The kneecap is a very important part of the knee that helps protect the bones, tissue, and cartilage within the joint from impact. However, it’s possible for the kneecap itself to be injured, which can affect your ability to move or put weight on your knee.
The kneecap is held in place by several muscles and ligaments. Often, a dislocation occurs due to an injury to one or more of these muscles or ligaments. Think of it this way: These muscles and ligaments act as a track for the kneecap, allowing it to slide forward and backward as you bend or straighten your knee. When one or both sides of the track are disabled, the kneecap can slide out of place, which causes pain and keeps you from bending your knee.
Sometimes, a dislocated knee can recover on its own with some time and physical therapy. However, after one dislocation, you have a higher chance of experiencing more in the future. That’s why many people visit orthopedic surgeons to repair damaged tissue if they’ve had a dislocated kneecap.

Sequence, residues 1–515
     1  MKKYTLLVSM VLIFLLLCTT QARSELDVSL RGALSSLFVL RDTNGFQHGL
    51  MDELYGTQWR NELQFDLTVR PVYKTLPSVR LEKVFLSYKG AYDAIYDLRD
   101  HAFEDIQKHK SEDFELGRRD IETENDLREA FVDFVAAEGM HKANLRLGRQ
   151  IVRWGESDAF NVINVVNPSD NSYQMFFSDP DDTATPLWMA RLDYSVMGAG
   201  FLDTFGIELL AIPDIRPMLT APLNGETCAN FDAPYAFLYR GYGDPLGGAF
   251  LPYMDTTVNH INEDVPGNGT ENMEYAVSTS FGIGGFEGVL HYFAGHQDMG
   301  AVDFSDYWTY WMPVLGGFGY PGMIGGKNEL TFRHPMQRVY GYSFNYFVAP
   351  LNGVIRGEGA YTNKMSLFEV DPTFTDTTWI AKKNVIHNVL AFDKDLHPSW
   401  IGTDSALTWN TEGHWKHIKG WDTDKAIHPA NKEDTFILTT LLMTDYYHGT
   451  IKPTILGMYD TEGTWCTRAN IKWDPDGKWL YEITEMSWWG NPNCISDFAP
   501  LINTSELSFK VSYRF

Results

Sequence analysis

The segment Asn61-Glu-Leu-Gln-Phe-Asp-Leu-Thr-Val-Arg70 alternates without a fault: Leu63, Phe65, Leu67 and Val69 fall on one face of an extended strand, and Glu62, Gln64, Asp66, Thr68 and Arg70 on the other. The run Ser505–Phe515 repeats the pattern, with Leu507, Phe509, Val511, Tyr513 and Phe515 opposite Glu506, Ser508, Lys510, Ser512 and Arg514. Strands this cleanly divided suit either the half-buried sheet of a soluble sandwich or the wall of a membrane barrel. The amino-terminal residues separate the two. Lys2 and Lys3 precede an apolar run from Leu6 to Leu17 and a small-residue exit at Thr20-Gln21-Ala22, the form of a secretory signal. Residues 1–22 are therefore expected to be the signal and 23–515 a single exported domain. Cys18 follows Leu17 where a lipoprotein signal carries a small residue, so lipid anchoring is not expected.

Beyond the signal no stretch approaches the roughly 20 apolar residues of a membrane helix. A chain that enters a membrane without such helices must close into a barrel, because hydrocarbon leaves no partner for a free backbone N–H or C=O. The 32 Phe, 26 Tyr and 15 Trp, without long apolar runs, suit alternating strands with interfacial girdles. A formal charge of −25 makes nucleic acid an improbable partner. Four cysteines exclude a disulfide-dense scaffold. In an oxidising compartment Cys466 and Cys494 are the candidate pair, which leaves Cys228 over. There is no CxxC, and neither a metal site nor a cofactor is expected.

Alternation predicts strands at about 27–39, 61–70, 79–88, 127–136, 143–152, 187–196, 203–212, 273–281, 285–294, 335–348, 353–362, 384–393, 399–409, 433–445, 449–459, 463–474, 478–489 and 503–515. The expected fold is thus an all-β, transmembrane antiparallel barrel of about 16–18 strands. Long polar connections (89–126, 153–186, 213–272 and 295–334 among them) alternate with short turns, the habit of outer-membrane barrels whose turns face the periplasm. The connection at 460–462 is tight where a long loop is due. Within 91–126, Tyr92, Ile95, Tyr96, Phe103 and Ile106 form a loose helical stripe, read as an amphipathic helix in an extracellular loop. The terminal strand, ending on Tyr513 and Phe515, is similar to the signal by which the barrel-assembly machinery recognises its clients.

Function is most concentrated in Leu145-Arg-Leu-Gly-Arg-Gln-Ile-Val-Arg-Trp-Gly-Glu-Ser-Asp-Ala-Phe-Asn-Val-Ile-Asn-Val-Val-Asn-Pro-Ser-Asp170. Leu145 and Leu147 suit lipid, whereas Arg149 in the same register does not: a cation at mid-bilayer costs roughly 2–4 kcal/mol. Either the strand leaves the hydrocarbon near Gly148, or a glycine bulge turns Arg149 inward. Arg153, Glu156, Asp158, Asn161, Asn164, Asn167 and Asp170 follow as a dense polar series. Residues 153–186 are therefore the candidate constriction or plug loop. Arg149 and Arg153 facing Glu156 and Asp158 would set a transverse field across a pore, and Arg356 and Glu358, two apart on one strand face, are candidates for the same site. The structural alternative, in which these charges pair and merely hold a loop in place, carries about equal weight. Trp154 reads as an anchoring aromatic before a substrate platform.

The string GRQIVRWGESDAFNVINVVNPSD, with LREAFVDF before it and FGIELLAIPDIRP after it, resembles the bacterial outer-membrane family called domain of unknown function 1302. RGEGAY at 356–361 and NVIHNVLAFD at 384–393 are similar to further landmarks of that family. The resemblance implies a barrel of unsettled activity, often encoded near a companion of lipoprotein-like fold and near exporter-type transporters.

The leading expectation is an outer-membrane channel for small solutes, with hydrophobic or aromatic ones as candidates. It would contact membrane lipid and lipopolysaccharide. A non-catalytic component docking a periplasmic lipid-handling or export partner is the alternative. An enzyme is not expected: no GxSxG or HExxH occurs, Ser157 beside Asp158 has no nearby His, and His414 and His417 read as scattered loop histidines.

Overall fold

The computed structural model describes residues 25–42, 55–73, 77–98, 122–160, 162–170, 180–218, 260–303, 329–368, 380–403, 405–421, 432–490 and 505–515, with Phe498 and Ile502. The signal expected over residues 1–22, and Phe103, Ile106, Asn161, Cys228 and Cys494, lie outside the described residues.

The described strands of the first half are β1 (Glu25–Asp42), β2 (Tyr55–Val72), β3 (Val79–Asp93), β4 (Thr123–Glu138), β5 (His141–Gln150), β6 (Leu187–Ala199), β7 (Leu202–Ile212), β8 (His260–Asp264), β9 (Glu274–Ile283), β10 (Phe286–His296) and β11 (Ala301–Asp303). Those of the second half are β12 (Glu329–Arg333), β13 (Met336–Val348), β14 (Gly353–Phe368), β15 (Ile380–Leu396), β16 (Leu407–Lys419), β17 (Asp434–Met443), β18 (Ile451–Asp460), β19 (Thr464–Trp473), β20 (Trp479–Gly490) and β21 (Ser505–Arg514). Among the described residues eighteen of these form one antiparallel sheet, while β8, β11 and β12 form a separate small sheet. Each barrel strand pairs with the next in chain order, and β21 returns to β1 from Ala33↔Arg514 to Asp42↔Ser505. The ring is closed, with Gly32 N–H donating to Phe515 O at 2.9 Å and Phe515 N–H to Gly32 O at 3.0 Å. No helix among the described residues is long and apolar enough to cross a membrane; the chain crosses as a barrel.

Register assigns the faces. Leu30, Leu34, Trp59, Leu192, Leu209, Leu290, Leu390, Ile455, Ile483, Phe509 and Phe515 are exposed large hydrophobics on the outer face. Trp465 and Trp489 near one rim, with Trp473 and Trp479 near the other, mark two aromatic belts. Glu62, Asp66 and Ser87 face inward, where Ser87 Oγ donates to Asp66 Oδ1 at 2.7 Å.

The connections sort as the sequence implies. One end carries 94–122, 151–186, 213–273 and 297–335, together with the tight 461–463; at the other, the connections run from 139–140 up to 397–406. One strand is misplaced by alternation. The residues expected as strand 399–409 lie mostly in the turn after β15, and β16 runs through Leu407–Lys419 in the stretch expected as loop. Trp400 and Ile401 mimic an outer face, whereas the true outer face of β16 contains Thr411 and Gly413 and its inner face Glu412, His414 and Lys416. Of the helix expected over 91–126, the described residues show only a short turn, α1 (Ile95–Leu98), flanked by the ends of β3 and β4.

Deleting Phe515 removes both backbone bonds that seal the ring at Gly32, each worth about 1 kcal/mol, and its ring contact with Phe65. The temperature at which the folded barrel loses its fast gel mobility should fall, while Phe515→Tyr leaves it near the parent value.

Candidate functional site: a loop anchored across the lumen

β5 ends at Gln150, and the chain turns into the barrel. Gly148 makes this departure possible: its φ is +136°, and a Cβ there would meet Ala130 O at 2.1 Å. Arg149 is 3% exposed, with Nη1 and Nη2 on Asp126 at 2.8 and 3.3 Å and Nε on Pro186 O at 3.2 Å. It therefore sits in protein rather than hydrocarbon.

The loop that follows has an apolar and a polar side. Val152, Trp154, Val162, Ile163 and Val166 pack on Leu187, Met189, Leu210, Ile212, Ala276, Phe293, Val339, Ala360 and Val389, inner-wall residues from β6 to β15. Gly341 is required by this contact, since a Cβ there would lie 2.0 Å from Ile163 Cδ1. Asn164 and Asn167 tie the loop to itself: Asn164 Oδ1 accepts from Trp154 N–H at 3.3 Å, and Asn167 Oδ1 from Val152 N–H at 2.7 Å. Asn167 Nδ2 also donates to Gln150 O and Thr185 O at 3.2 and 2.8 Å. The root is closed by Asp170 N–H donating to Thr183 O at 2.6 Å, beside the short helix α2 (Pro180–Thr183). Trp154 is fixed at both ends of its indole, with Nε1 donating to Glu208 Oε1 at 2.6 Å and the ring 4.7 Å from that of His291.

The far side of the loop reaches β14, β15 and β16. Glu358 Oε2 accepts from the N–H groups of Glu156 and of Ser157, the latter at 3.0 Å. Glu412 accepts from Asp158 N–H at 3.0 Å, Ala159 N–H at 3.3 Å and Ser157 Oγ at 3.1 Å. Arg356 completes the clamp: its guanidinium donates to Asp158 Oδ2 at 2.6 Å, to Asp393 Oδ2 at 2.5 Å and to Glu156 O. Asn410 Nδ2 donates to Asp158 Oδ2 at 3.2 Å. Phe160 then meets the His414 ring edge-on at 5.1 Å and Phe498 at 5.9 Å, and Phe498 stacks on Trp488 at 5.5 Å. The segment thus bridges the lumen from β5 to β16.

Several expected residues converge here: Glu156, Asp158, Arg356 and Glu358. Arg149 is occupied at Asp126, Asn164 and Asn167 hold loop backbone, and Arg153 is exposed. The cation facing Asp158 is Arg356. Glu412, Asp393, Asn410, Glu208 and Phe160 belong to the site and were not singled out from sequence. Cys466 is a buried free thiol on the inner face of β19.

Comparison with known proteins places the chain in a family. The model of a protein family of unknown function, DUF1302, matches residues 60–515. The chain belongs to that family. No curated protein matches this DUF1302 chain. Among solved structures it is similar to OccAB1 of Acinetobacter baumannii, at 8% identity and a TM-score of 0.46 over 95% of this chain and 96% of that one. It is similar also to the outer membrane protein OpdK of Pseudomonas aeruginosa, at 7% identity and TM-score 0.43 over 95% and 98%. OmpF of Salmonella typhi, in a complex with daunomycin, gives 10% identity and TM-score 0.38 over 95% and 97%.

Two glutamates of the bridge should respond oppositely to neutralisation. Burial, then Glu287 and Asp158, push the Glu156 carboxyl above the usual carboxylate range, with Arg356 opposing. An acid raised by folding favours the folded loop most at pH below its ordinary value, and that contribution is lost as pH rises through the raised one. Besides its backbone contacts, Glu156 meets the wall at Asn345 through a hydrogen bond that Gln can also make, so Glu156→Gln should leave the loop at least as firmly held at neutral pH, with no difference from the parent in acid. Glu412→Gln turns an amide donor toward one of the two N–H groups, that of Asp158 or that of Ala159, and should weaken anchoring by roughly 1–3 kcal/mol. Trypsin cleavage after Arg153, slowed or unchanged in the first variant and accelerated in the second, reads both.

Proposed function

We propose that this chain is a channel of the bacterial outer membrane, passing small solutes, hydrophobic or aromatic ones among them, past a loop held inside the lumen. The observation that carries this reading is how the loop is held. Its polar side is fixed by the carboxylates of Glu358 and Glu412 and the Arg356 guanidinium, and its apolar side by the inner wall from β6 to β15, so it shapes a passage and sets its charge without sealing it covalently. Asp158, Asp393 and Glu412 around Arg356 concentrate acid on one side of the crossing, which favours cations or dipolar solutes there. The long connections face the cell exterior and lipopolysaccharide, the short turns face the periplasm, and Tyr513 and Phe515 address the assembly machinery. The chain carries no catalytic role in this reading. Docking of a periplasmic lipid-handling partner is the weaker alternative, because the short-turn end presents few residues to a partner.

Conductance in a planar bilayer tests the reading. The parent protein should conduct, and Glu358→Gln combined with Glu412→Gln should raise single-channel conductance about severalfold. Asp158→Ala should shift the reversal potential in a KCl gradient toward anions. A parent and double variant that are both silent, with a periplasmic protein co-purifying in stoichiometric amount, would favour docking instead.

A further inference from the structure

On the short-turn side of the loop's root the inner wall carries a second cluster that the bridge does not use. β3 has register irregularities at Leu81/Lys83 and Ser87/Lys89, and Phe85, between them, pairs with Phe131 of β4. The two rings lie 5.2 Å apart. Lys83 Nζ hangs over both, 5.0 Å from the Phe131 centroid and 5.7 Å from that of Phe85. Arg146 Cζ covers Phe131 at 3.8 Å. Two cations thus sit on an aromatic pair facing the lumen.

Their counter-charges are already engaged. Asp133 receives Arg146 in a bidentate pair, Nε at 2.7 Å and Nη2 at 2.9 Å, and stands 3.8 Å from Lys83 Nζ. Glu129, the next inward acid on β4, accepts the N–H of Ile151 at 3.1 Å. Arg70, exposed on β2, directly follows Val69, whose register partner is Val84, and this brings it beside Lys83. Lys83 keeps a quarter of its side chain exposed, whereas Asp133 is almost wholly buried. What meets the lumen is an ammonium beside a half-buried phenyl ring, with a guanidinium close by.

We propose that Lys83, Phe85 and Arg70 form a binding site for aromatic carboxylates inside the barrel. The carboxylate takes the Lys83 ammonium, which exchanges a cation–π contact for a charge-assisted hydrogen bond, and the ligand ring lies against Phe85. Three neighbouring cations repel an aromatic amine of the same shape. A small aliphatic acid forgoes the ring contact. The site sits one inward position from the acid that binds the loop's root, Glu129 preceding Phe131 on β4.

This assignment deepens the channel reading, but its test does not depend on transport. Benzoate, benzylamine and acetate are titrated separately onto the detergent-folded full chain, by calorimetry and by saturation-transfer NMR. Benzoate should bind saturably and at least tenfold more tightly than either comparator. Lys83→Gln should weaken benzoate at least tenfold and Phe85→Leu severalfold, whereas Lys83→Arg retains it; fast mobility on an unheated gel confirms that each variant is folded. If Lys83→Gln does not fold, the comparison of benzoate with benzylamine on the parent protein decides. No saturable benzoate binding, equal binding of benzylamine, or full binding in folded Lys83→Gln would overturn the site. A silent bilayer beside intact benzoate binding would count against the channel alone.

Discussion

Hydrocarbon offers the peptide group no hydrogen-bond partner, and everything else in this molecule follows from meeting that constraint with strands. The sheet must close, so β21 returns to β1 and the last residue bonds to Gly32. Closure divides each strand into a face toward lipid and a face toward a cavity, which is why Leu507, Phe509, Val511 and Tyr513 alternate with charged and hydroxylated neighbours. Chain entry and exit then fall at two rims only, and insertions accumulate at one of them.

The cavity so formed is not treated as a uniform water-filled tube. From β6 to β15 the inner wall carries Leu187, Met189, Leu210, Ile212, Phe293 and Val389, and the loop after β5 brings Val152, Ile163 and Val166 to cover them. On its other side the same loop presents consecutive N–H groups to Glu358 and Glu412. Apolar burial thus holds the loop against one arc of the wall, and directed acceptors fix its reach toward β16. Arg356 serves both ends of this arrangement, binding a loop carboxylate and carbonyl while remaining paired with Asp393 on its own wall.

Types of dislocated kneecap surgery
Surgeons have a few different options for correcting a dislocated kneecap depending on the cause and where the damage is located in your knee. Below are some of the most frequently performed operations for a dislocated kneecap:
- Lateral release — Usually, a dislocated kneecap pulls toward the outside of the knee. To keep this from happening, surgeons may make an incision in the tissue on the outside of the knee joint capsule. The goal of this procedure is to reduce the tension that pulls the kneecap off of the track.
- Medical imbrication — A good way to think of this procedure is that it’s the opposite of lateral release. Rather than cutting a portion of tissue on the outside of the knee, surgeons performing this procedure aim to tighten tissue on the inside of the knee. Again, the objective is to build a better track to hold the kneecap in alignment.
- MPFL reconstruction — A kneecap causes the medial patellofemoral ligament (MPFL) to tear when it dislocates. Sometimes, surgeons can repair this ligament using minimally invasive arthroscopic techniques. However, if the damage is severe enough, surgeons may have to remove the damaged ligament and replace it with healthy tissue from your body or a donor.
Visit iRISE Spine & Joint Institute for dislocated kneecap surgery
Do you have issues with your kneecap constantly sliding out of place, causing pain, stiffness, and instability in your knee? Our orthopedic surgeons at Florida Spine & Joint Institute specialize in these procedures and more to help prevent kneecap dislocations. Contact our team today for more information about dislocated kneecap surgery or to schedule an initial appointment.